My name is Daria Chastokolenko, and I have been in iOS development for four years. I work in the Geniusee team, and among the company's latest favorite projects is the development of a neobank for our partner. I want to share our team's recommendations on the security of the iOS application in 2024, which we used in this project. Also, I will be happy to hear your tips on mobile application security.

In this article:

  1. The case extracts
  2. Security risks in iOS
  3. Our iOS app security best practices
  4. Conclusion

The case extracts

First, I will talk a little about the project. Our client is a US-based fintech company that develops neobank for gamers, and Generation Z. Its primary mission is to create a digital alternative to the traditional financial system and enable each client to have more control over their finances.

The project started almost two years ago, and the Geniusee team joined a year ago in the Dedicated Team format. When the stages of business analysis and the Discovery phase ended, the solution's active transformation began. We took the first steps to create iOS and Android mobile applications and to form a new team.

Our team included two iOS developers, two Android developers, three DevOps engineers, three backend developers, a business analyst, two project managers, three QA engineers, a technologist, and a CTO. We worked with our client's in-house team based in California. By the way, the locations of the teams helped us follow the “Follow the sun” model, with which product development is carried out almost 24 hours a day :)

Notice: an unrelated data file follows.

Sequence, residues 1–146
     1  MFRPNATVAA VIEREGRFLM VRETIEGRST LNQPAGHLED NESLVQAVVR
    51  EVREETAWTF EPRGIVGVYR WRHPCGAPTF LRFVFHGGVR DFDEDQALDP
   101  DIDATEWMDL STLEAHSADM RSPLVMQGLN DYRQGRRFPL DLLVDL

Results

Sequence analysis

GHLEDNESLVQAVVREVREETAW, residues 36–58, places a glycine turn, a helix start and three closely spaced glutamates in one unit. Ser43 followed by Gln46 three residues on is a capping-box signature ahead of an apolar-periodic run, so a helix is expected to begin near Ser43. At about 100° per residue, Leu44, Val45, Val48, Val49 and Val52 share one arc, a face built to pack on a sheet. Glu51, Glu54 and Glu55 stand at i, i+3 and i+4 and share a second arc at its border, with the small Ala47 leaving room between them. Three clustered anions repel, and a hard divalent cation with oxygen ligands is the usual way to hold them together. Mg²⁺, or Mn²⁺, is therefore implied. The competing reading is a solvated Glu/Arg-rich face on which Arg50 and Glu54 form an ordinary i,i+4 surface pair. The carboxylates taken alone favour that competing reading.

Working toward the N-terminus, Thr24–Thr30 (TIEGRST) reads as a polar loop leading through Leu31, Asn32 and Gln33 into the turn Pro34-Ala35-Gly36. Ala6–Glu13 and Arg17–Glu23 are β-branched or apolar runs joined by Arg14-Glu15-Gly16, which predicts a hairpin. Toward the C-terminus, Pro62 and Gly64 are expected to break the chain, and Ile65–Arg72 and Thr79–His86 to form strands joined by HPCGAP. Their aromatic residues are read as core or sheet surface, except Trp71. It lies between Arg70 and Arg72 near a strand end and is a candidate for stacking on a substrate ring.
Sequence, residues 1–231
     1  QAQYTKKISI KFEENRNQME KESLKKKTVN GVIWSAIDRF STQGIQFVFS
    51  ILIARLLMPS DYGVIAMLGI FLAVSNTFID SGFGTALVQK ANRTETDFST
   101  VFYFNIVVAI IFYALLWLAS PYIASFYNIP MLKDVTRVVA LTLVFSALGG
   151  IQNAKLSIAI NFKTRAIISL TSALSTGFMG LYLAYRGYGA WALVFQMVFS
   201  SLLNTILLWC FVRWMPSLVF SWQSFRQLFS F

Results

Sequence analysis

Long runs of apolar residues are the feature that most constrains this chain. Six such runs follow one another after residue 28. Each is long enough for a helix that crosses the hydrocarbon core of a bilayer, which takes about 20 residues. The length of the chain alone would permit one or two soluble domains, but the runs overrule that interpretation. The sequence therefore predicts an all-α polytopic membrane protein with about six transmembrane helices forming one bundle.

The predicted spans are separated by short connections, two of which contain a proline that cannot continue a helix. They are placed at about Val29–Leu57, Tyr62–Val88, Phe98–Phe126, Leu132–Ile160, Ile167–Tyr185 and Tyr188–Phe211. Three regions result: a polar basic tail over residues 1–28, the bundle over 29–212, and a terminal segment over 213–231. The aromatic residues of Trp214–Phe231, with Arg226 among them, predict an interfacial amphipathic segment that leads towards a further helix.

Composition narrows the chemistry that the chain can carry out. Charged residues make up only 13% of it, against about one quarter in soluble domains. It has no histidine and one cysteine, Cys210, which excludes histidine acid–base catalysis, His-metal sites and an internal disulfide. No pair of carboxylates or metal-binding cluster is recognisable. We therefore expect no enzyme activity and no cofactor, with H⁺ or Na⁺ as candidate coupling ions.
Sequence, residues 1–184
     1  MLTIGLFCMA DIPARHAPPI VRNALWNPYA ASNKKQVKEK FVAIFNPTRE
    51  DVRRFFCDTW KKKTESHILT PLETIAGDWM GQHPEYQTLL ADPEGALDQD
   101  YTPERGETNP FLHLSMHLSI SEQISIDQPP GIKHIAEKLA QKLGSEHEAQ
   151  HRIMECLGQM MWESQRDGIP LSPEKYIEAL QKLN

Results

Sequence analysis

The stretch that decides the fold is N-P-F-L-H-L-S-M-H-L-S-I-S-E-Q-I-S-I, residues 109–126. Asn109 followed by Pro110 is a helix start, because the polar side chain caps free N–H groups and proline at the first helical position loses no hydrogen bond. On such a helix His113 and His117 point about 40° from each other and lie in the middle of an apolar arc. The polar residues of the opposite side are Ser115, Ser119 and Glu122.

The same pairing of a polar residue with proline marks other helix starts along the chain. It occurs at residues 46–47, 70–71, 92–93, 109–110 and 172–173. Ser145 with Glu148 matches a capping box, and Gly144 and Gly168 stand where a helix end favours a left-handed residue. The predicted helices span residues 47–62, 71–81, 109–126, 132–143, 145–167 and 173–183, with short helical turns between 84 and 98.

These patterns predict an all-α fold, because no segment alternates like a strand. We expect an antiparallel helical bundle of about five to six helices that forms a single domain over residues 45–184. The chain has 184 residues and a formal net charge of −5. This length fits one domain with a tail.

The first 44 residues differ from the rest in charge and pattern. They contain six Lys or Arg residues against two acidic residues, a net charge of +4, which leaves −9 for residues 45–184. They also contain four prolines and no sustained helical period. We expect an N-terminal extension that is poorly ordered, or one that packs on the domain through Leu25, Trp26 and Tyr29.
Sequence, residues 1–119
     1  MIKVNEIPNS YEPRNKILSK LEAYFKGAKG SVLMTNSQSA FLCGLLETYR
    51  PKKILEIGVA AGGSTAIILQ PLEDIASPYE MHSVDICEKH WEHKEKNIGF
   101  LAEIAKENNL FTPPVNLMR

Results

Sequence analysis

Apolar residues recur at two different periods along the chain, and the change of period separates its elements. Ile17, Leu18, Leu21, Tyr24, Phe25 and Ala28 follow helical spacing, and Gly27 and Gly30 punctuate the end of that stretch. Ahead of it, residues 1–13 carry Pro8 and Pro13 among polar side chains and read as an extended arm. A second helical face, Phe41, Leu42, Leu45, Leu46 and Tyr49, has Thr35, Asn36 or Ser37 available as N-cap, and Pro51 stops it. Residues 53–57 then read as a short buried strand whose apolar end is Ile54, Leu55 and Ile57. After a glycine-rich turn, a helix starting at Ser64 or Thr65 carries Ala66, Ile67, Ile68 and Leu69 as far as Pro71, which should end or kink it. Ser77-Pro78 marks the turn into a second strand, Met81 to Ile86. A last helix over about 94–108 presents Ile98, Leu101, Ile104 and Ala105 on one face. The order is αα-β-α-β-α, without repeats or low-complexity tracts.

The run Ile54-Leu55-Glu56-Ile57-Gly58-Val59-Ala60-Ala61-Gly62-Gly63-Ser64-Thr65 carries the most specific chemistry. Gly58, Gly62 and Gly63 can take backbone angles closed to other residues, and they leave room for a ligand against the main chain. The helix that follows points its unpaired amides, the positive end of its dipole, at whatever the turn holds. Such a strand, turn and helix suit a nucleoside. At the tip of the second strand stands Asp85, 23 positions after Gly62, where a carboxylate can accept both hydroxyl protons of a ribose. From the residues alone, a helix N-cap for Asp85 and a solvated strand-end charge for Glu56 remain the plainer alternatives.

Transform your ideas into great mobile experiences!

Get started on your app journey with our mobile app development services.

Explore details

Security risks in iOS

60% of financial companies now develop applications for phones, as most mobile users spend 90% of their time on mobile applications. Thus, it is becoming increasingly important to ensure the iOS App transport security and guarantee that user information remains protected.

Any violations in the mobile application can potentially damage the entire system, so it is essential to know how to ensure security. Of course, the process of identifying all threats and determining the level of security of a huge application can be complicated. However, given the seriousness of this issue, we have created a list of potential threats and methods to address them.

According to OWASP statistics, there are ten main security risks for mobile applications:

  • Improper platform usage

  • Insecure data storage

  • Insecure communication

  • Insecure authentication

  • Insufficient cryptography

  • Insecure authorization

  • Client code quality

  • Code tampering

  • Reverse engineering

  • Extraneous functionality

To comply with all elements of application security, our team used the MASVAS (Mobile App Security Verification Guide) system. This standard defines security requirements that can be applied to mobile apps on both iOS and Android. All requirements here are divided into two levels, L1 and L2. L1 is the basic level of requirements that absolutely all applications must meet, regardless of their purpose. The L2 includes applications that have highly sensitive data (this is our application). In addition to the security requirements standard, this guide also includes a checklist for testing all MSTG (Mobile Security Testing Guide) requirements, which tester teams can use.

icon mail icon mail


Thank you for Subscription!

Our iOS app security best practices